April 28, 2005
Bemidji hears about prospects for improving city elections
At the invitation of the Bemidji Charter Commission, FairVote Minnesota President Tony Solgard met with area residents from April 10 to 13 and gave several presentations about the prospects for better democracy offered by Instant Runoff Voting. The week included meetings at Headwaters Unitarian Church, Voyageurs Expeditionary High School, and Northwest Technical College. Several Bemidji State University students attended the three public meetings held at city hall. The Bemidji Pioneer carried a front page article which can be viewed at here. An interview with Solgard was broadcast on KAXE Radio in Grand Rapids, an independent public radio station broadcasting over much of northern Minnesota. Bemidji resident Audrey Thayer and Charter Commission Michael Meuers arranged the meetings.
Hopkins Alternative Voting Task Force submits preliminary report
After many substantive meetings, the Hopkins Alternative Voting Task Force decided it needed more time to put together its findings and recommendations. It submitted a preliminary report of its activities at the April 26 Charter Commission meeting and requested authorization to continue working. That authorization was granted and the Task Force will continue its work.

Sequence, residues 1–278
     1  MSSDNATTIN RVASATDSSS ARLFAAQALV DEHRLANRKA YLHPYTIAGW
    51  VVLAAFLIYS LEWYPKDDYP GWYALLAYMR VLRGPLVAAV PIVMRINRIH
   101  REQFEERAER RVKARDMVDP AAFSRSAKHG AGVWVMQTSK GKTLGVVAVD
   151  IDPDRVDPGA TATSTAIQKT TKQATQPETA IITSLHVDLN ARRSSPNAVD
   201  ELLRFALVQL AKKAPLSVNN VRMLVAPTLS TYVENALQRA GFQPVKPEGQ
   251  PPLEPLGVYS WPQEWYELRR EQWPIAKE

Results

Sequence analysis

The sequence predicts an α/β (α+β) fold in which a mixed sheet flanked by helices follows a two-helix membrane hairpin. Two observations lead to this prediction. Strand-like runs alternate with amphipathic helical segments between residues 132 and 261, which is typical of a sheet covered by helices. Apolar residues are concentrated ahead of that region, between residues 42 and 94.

Minnesota Public Interest Research Group holds democracy conference, considers better voting methods
The first Minnesota organization to answer FairVote Minnesota's call for organizations to endorse a move toward better voting methods was Minnesota Public Interest Research Group (MPIRG). Not only did they adopt a public policy position in favor of Instant Runoff Voting, but they also went to work to adopt it for student government elections at the University of Minnesota Twin Cities Campus. Foot-dragging by opponents led to a constitutional amendment which was approved by an overwhelming margin of students voting on April 14. The following weekend, MPIRG sponsored a pro-democracy conference in Duluth, with headliner speakers Jim Hightower from Texas and Mark Ritchie, President of the Minneapolis-based Institute for Agriculture and Trade Policy. FairVote Minnesota President Tony Solgard addressed the gathering on Sunday April 24. One of the questions put to Solgard was how can a change in the voting system happen when the odds seem stacked against it. Solgard pointed to MPIRG's campaign to institute Instant Runoff Voting for student elections as a way to infuse American political culture with a working knowledge of a better voting method. Year after year, and as more schools do the same, a new and growing wave of graduates will go out into the voting age population, soon making an alternative seem less foreign and more imaginable.